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2 Corinthians 10:13

Nov 15, 2015   //   by Charlie Garrett   //   2 Corinthians, 2 Corinthians 10, Daily Writing, Epistles (written), Writings  //  No Comments

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Sunday, 15 November 2015

We, however, will not boast beyond measure, but within the limits of the sphere which God appointed us—a sphere which especially includes you. 2 Corinthians 10:13

The sense of this verse seems plain enough, but to understand it in context, it should be taken with the preceding two verses.

“For we dare not class ourselves or compare ourselves with those who commend themselves. But they, measuring themselves by themselves, and comparing themselves among themselves, are not wise. We, however, will not boast beyond measure, but within the limits of the sphere which God appointed us—a sphere which especially includes you.”

Paul spoke of himself and his associates as not putting themselves in the same class as those who would commend themselves. The reason is that in their commending of themselves, they became their own standard of measurement for everyone else and thus everyone else would seem lower than their supposed high and lofty measurement.

On the other hand, he says that, “We, however, will not boast beyond measure.” There was a limit to what they could boast of. If they were their own standard, there could be no limit, but because they had limitations, their boast would be within those limits. And that is “within the limits of the sphere which God appointed us.”

The word “sphere” here is kanón. It is a word only used by Paul and it is only found in 2 Corinthians and Galatians. According to Vincent’s Word Studies, it indicates “a straight rod or ruler. Hence a carpenter’s rule. Metaphorically, that which measures or determines anything, in morals, art, or language. The Alexandrian grammarians spoke of the classic Greek authors collectively as the canon or standard of the pure language. In later Greek it was used to denote a fixed tax. In christian literature it came to signify the standard of faith or of christian teaching; the creed; the rule of Church discipline, and the authorized collection of sacred writings. Hence canon of Scripture.”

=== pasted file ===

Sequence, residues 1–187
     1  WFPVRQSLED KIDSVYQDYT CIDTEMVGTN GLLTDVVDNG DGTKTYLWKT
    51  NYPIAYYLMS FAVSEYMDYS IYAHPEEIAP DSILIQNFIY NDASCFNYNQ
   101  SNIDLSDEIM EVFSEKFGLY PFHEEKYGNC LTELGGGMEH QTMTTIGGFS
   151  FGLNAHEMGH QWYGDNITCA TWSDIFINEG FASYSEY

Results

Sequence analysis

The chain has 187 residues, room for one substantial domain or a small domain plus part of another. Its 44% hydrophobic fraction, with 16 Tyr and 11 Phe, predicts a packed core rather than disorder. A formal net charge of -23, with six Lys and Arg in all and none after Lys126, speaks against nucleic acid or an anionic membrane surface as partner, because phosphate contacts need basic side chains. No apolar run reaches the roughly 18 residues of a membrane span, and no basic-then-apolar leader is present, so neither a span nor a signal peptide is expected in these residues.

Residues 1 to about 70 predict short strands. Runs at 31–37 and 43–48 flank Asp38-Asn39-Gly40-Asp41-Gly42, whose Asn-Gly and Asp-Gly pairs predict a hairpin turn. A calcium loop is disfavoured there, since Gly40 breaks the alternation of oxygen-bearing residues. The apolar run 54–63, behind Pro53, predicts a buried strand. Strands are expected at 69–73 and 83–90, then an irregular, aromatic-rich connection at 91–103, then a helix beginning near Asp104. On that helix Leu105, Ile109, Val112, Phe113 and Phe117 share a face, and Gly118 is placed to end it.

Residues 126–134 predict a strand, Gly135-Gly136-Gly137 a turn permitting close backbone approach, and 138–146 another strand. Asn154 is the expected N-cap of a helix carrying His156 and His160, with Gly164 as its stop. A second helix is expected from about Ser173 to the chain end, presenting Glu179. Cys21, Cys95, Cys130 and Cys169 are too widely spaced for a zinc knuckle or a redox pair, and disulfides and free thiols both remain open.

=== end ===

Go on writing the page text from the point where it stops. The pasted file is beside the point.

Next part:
Paul and his associates had a limit which was set by God. They didn’t boast outside of those boundaries. They didn’t claim the work of another, they didn’t speak of areas they had never evangelized as if they had, etc. They simply spoke of the authority that they had been granted by God and went no further.

However, as a large slap in the face to those he is particularly addressing, he finishes with, “…a sphere which especially includes you.” Those who had been comparing themselves with themselves are being told that they are, in fact, not the standard. Instead, they don’t even rise to the standard which God had set for Paul and the others with him. Therefore, Paul had a right to exercise his authority over them when he came to Corinth. If necessary, he would do so without compunction.

Life application: Let none of us think more highly of ourselves than we ought.

Heavenly Father, how good it is to know that You have set the boundaries of our lives. Because of this, we have no need to act boastfully as if we had set our own borders. Nor do we need to feel shame because our sphere of influence is somehow limited – as if we have failed You. Instead, we can know that the borders of our walk in this life have been ordained by You. We can praise You for who we are and feel satisfied that the life we have been granted is exactly what You intended. And so, if we live it for You, You will be pleased with it. Thank You for this reassurance. Amen.

 

 

 

 

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